T Grief ---single space?

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T Grief ---single space?

Post  Pat on Sat Aug 03, 2013 11:50 am

                     To Grief

 

Here you come again as a full moon.

I don’t sleep when you are rich, fat, cheerful. 

And I don’t care if it is a woman thing or not: 

you keep me wide-awake night after night

when you dress in your bright white.

 

You know, it wasn’t always this way.

As I age, my lassoing of this and that

becomes less important, but I grow

more sensitive to everything:

storms, sun, people, dust,

moon.

 

And now, we are in that high-brow window

between summer and autumn:  each day

I say goodbye to life dying—

tomato plants, a butterfly, zinnias,

a brother.

.

They are leaving like shooting stars,

never to be seen or touched again.

Meanwhile, I am stuck with the caw of a crow

and the rawness in Dylan Thomas.

 

You are an unyielding neighbor,

relentlessly knocking.

No hugs, no words.

Yet. . . oh my, you may have heard me

caw.

 

Pat Durmon, 2013

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first Single Space and then reaction

Post  tsukany on Tue Aug 06, 2013 12:49 pm

To Grief

Here you come again as a full moon.
I don’t sleep when you are rich, fat, cheerful.  
And I don’t care if it is a woman thing or not:  
you keep me wide-awake night after night 
when you dress in your bright white.

You know, it wasn’t always this way.
As I age, my lassoing of this and that 
becomes less important, but I grow 
more sensitive to everything: 
storms, sun, people, dust, 
moon.

And now, we are in that high-brow window
between summer and autumn:  each day 
I say goodbye to life dying—
tomato plants, a butterfly, zinnias,
a brother.

They are leaving like shooting stars,
never to be seen or touched again.
Meanwhile, I am stuck with the caw of a crow 
and the rawness in Dylan Thomas.

You are an unyielding neighbor, 
relentlessly knocking.
No hugs, no words. 
Yet. . . oh my, you may have heard me
caw.

Pat Durmon, 2013
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Post  tsukany on Tue Aug 06, 2013 11:38 pm

Pat,

I like certain parts of your work here.  It seems that you have a powerful title, but the poem quickly turns to a confessional-style poem.  (The title suggests personification).  My suggestion would be to let it sit a while.  You have captured the emotion of the event.  Come back and weed out the elements that are not illustrations of the emotion.  I think in several places it feels like you are trying to write a poem.  I prefer the lines that are records of your experience.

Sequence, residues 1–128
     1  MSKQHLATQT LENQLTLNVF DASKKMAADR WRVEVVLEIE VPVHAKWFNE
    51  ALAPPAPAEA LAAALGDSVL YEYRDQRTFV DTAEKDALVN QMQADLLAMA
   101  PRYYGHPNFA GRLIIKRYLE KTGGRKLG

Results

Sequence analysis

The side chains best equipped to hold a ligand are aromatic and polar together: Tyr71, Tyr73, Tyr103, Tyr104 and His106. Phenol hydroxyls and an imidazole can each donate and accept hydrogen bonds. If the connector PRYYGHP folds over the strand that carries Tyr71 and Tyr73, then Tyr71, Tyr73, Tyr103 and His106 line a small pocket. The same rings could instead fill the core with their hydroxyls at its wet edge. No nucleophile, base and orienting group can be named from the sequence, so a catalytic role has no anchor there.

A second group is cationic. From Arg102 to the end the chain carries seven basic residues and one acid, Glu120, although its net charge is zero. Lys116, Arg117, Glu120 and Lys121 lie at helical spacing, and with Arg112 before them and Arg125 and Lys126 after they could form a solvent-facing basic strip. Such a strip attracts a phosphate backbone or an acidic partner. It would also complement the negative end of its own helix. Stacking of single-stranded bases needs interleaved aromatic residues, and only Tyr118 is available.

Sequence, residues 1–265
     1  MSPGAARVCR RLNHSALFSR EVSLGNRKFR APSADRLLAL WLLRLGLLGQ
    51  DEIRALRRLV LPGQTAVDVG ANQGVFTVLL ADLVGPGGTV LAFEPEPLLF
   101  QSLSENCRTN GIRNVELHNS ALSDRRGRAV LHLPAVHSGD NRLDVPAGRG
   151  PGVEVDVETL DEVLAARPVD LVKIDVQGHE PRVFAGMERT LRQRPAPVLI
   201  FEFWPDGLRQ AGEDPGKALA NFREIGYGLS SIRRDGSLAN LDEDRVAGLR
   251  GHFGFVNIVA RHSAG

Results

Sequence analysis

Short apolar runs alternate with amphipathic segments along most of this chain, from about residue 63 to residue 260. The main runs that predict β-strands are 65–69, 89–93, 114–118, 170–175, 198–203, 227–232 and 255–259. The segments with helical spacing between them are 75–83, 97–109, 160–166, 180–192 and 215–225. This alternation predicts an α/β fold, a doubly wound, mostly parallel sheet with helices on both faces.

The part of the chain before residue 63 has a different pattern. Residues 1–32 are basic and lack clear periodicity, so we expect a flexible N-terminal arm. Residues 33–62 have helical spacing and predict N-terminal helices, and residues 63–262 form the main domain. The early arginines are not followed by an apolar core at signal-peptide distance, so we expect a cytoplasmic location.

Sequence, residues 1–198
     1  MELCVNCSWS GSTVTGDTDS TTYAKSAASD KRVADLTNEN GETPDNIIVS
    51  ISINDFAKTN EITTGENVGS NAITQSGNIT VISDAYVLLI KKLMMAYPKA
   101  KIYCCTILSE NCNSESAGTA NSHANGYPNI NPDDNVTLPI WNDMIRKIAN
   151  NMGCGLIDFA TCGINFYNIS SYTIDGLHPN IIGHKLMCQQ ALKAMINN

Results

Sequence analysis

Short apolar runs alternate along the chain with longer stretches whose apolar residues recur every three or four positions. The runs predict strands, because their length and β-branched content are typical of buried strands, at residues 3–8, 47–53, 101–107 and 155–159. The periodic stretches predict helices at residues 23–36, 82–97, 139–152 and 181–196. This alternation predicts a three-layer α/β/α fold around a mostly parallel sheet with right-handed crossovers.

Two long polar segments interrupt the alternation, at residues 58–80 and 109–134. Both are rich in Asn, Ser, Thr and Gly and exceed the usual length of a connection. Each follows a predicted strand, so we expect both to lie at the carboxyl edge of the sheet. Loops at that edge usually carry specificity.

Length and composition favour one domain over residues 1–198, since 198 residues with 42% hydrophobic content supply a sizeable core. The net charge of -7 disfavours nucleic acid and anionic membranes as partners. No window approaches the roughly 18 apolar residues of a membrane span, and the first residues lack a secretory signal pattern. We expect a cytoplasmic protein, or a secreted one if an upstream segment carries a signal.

I look forward to reading the next version.

Todd
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From Dennis' email

Post  tsukany on Wed Aug 07, 2013 8:39 am

To Grief
 
Here you come again as a full moon.
I don’t sleep when you are rich, fat, cheerful. 
And I don’t care if it is a woman thing or not: 
you keep me wide-awake night after night
when you dress in your bright white.
 
You know, it wasn’t always this way.                Omit You know
As I age, my lassoing of this and that                  This and that is vague--- use specifics--relationships, friendships,  emotions, etc...
becomes less important, but I grow
more sensitive to everything:                              Omit "everything" since you name them below.
storms, sun, people, dust,
moon.
 
And now, we are in that high-brow window     Omit And now
between summer and autumn:  each day
I say goodbye to life dying—
tomato plants, a butterfly, zinnias,
a brother.
.
They are leaving like shooting stars,
never to be seen, smelled or touched again.
Meanwhile, I am stuck with the caw of a crow       
and the rawness in Dylan Thomas.
 
You are an unyielding neighbor,
relentlessly knocking.
No hugs, no words.                                I don't see this quatrain as necessary  it is very "telling" 
Yet. . . oh my, you may have heard me    If you don't omit this quatrain at least omit this line.
caw.
 
Pat Durmon, 2013
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From Dewell

Post  tsukany on Wed Aug 07, 2013 8:40 am

Nice work, Pat.
Sorry about the need to greve.


I like what Dennis has done.

Here's a couple more items:

instead of the dash... maybe a semi;colon...

last stanza needs a reminder that GRIEF

is the "you" in the poem...

maybe start with..."Grief, you etc.



I love the crow, in-between summer and autumn...

raw Dylan...


I was surprised in last stanza that the moon didn't

reenter with the "caw."


Thanks for sharing... Dewell
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